I bought Radiant Historia based on its reputation as one of, if not THE best RPG on the Nintendo DS. Well, it’s a JRPG so take that praise with a grain of salt. In fact, when I first got it, I managed to clock about 20 hours but eventually got distracted by other games. It’s easy to lose focus from this extremely text-heavy game. Once again, many clicks are wasted on redundant “…” dialogue boxes and the accompanying, un-skippable “…” word bubble animations. So, it took four years and a fun romp through Etrian Odyssey for me to muster the energy to attempt another play through. Rather than pick up where I left off, trying to remember the convoluted plot up to that point, I started anew. During this run I would try my darndest to differentiate between all the cutesy anime characters and not lose focus.
The main touted selling point of Radiant Historia usually is its complex time-travelling plot. At first, being able to redo past events to alter the current ones is an nice mechanism. However, once you are deep into the game and there are dozens of points to which you need to return again and again, it becomes a drag and a nuisance. For me it didn’t help that there seemingly was no way to skip the endless cut-scenes (I discovered it’s the “start” button about 30 hours in). Despite the grandiose concept, there isn’t that much in terms of branching story lines that would, like a Telltale game, lead to a unique game for each player. The plot is really only divided into two main branches. Any choices which deviate from these two lead to a short text blurb and a dead end (if you want to get 100% completion you need to follow all these dead ends too). If anything, repeatedly visiting all those moments and re-reading all that dialogue at least helped me understand what the heck was going on. Angsty warrior must stave off impending ecological disaster and bring unity to warring the races of furries. Got it.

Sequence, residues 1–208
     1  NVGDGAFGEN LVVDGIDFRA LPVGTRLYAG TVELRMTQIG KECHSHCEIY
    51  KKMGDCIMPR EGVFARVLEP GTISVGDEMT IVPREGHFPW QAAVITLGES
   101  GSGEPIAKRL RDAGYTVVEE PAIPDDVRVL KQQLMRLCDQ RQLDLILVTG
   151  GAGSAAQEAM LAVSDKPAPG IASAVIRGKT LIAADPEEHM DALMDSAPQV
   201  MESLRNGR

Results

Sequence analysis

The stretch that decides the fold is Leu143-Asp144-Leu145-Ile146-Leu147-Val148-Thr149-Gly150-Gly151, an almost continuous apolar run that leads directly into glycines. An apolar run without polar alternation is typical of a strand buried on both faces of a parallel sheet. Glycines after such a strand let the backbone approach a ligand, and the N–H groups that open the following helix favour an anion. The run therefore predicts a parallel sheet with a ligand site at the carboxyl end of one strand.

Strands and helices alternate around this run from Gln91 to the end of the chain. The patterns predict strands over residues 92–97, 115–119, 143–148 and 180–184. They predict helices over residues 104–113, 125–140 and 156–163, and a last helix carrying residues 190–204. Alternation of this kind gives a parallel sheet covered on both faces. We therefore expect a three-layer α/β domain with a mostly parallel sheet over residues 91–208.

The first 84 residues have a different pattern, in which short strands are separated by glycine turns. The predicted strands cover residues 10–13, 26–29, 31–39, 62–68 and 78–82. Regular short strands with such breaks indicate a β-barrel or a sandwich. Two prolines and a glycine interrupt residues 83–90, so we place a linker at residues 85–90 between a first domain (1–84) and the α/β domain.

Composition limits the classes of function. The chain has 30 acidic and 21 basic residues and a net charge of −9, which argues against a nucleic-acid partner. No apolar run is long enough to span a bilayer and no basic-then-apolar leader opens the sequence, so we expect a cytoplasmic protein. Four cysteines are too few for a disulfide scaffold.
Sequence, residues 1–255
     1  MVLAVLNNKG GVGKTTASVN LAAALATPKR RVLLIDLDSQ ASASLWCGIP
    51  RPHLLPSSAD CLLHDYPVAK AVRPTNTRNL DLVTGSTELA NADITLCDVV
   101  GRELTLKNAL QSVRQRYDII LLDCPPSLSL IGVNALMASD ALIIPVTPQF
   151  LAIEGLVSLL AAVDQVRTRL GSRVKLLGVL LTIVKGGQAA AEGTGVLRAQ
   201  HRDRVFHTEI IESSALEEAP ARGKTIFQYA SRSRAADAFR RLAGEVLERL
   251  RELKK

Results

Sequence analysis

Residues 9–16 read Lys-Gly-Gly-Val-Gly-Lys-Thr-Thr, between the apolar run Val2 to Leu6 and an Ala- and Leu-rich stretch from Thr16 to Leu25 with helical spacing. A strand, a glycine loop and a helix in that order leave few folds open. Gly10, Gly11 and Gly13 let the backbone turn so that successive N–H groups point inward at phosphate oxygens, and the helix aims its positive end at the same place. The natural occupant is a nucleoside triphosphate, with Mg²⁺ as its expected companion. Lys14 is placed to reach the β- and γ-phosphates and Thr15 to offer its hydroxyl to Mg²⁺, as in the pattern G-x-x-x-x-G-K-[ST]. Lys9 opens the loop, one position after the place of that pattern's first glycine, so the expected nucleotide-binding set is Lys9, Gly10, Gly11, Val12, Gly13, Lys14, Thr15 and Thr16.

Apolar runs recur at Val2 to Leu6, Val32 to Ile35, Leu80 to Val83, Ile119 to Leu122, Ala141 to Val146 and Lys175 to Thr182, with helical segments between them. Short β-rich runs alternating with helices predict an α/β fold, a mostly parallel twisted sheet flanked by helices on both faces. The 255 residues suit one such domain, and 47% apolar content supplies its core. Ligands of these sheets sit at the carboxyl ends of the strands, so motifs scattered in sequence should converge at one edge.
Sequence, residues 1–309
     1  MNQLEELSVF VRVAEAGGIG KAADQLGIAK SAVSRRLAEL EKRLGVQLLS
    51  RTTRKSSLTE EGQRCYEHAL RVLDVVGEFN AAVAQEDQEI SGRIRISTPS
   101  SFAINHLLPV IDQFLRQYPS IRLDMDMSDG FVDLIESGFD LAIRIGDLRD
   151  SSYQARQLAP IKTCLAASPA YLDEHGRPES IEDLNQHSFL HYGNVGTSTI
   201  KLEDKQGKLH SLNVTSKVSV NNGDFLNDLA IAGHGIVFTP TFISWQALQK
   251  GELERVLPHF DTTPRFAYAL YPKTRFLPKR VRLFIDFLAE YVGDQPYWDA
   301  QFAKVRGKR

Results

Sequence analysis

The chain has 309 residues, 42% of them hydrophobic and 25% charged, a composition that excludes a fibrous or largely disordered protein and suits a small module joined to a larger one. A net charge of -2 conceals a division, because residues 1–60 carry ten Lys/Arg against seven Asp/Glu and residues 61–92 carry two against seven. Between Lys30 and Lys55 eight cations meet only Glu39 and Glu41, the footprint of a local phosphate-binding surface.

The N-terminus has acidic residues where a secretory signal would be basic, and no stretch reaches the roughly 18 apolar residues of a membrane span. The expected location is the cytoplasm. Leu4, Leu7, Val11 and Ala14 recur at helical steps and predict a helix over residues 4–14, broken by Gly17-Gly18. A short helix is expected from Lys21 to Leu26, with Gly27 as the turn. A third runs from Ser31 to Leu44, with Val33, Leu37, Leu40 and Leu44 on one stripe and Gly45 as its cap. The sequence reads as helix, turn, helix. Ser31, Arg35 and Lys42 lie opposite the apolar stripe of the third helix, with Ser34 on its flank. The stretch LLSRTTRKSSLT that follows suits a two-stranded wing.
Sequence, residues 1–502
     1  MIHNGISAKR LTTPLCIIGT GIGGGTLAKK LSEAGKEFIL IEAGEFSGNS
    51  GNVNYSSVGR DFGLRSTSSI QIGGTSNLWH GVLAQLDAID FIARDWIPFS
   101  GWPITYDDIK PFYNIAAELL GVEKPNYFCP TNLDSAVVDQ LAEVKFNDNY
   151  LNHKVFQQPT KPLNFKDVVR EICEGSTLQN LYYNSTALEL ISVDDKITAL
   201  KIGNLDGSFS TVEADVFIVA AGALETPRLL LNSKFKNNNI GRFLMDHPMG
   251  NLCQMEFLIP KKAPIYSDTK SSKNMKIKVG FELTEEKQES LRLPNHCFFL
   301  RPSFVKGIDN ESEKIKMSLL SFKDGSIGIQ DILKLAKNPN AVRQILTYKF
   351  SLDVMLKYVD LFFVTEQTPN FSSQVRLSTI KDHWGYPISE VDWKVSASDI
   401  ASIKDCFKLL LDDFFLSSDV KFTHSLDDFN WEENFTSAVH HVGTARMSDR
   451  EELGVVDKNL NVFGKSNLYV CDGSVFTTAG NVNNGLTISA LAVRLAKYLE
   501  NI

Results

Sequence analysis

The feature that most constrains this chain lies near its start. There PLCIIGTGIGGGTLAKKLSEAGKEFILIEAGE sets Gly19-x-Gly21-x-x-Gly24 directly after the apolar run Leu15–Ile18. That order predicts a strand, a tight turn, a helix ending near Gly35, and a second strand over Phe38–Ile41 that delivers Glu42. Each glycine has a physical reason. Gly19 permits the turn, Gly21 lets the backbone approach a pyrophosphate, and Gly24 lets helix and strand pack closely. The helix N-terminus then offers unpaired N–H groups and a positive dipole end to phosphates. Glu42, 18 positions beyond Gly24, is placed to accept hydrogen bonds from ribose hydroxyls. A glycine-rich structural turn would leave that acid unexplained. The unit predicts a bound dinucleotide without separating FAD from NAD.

All that aside, where the game actually shines is its combat system. Enemies appear on a 3×3 grid and their positioning effects the strength of their attacks and the amount of damage you can inflict. Players can then use special powers to knock monsters around the grid, stack them together and chain combos for stronger attacks. Also, because the main theme here is time manipulation, you can control the player initiative track and sacrifice a turn to set up bigger combos. It takes the standard, mindless JRPG combat mechanism and adds a puzzley layer of thinking to your choices. Most combat is avoidable if you are quick, but I actually found myself opting-in to battles more often than not. Too bad 70% of the game is talking, otherwise I would have scored it higher.